Articles by Claire Guthrie Gastañaga
Public Advocacy
 Presentations / OpEd / Articles
Ten Tips on How to Become an Effective Advocate for Latinos in Richmond     (Espanol)
The Latino Messenger - El Mensajero, November 2003, p. 7

There are a number of state and local organizations that need your help in advocating issues of concern to members of the Latino community across Virginia. Any of these organizations could use your help in monitoring legislative activities and speaking to state and local legislators and officials about pending legislation and administrative policies.

You can find out which organizations are already formally involved in “lobbying” the state legislature, like the Virginia Coalition for Latino Organizations (VACOLAO), by searching the lobbyist

“Be fearless. Allow yourself to be assertive. As Robert Grudin says, ‘[t]he years forget our errors and forgive our sins, but they punish our inaction with living death.’ ”  Claire Guthrie Gastañaga

registration data base on the Secretary of the Commonwealth’s website, www.commonwealth.virginia.gov, where you’ll find the name of the organizations and contact information for their registered lobbyists. You can connect with local organizations and issues by participating in Parent-Teacher Associations, community associations, local business and youth organizations and the like. Once you have found the organization or cause for which you want to be an advocate, you will need to focus on how to be effective. Here are ten tips for being an effective grass roots advocate that will help you be a better advocate, whether you choose to focus on issues pending before Congress, the Virginia legislature, before a local governing body or a local school board:

1. Learn the culture – staff vs. member. In Congress, you have to build a good relationship with staff before you are able to see the member. In the Virginia legislature and in local governing bodies, this is less likely to be true.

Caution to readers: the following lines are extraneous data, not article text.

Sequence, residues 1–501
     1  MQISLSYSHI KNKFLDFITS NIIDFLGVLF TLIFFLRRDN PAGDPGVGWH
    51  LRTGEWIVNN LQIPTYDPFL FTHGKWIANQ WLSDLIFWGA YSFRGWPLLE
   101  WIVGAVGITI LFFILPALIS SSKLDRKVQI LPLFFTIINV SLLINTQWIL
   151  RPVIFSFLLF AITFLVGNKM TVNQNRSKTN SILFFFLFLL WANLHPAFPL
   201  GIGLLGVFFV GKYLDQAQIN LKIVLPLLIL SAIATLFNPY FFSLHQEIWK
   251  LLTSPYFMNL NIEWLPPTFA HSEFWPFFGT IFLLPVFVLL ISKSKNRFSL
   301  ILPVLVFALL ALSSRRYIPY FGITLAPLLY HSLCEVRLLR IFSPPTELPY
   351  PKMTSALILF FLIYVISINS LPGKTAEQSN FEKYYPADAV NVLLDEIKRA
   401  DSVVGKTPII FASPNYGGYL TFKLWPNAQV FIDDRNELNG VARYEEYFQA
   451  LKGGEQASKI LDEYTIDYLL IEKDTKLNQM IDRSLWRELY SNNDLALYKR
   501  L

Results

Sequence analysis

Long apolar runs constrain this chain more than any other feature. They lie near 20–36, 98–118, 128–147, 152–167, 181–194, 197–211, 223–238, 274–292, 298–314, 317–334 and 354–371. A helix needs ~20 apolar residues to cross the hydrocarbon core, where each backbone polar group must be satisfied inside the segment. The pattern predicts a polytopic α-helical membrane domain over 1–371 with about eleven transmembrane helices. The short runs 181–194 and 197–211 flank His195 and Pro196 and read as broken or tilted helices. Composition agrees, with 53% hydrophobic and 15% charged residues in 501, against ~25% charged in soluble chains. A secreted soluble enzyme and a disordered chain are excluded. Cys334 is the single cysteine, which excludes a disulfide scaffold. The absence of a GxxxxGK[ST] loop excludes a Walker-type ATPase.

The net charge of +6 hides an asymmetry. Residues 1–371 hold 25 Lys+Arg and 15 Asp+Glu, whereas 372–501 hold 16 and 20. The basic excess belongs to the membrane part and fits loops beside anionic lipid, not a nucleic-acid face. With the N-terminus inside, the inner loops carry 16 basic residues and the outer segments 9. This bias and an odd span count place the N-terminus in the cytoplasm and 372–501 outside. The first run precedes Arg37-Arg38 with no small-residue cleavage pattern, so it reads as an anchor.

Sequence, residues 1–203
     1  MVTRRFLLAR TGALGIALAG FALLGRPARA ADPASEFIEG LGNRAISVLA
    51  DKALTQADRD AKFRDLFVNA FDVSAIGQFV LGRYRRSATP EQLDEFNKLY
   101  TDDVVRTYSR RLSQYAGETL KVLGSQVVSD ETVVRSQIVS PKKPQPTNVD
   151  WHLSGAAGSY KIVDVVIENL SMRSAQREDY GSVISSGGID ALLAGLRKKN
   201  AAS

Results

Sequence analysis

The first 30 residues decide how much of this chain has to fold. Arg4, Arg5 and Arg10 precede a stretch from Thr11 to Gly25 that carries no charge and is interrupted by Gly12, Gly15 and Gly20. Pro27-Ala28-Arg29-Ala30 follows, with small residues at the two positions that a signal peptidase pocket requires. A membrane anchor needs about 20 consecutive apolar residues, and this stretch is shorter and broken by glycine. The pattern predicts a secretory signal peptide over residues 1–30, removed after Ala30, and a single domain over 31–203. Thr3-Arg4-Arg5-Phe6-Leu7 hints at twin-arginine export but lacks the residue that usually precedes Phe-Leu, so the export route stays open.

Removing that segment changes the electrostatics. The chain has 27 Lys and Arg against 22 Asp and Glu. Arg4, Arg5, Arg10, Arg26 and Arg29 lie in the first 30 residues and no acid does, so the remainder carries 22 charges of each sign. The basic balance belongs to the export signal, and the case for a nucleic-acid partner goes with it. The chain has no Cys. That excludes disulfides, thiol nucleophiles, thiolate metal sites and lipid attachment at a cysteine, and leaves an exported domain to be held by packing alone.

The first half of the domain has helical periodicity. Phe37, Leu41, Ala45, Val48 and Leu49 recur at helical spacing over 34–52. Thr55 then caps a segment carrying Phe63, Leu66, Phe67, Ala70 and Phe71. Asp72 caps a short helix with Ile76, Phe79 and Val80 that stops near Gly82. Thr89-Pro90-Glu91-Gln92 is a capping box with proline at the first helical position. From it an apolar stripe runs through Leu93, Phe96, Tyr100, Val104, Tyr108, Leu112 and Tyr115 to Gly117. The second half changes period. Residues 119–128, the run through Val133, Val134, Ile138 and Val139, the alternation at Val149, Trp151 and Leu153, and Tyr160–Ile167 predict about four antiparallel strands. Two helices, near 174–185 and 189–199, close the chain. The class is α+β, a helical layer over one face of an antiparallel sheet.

2. Learn the procedural rules (formal and informal). If you want to make something happen, you need to know what process you must follow to obtain action on your issue. Is there a particular subcommittee or committee that will hear an issue first? How is legislation or an ordinance introduced? You need to know how the game is played before you take to the field.

3. Be fearless. Allow yourself to be assertive. As Robert Grudin says, “[t]he years forget our errors and forgive our sins, but they punish our inaction with living death.”

4. Recognize your limits. Do not make promises that you cannot keep. Do not overcommit.

5. Find your allies. Build coalitions with other organizations and people who share your goals and objectives. Look beyond the Latino/Hispanic community for support. Get involved personally in mainstream organizations that could help address issues of common concern.

6. Identify your opposition. Find out who is likely to be against you on an issue, and determine whether there is any common ground.

7. Look for win/win positions or acceptable compromise. If there is a balance that can be struck, strike it. If you can move your ball forward a yard, take it. You will be closer to the goal even if you cannot score in one play.

8. Prepare, prepare, prepare. You are presenting a “case” to a difficult jury. If you do not know your stuff, no one will pay any attention to what you say. Want to know more about how people align on issues?  Check out www.pollingreport.com. Want to become a better speaker? Read Leading Out Loud by Terry Pearce. Use the internet to become more informed.

9. Pay attention to how you are marketing yourself. Like it or not, how you dress, wear your hair, talk, all affect how you are perceived. Do not take yourself too seriously. Use humor to defuse “difficult” situations.

10. Keep things professional. Develop relationships by providing information and opportunities and making yourself indispensable.

If you follow these tips, you will be on your way to becoming an effective advocate for a cause or organization whether you choose to focus on issues pending before your local school board or community association, with your local government, or at the state or federal level. Now all you have to do is just “get out there.” (end)

Public Advocacy
 Presentations / OpEd / Articles

Home  l  Services  l  Resources  AboutContact  l
©2000-2004 by Claire Guthrie Gastañaga | copyright policy | legal disclaimer | privacy statement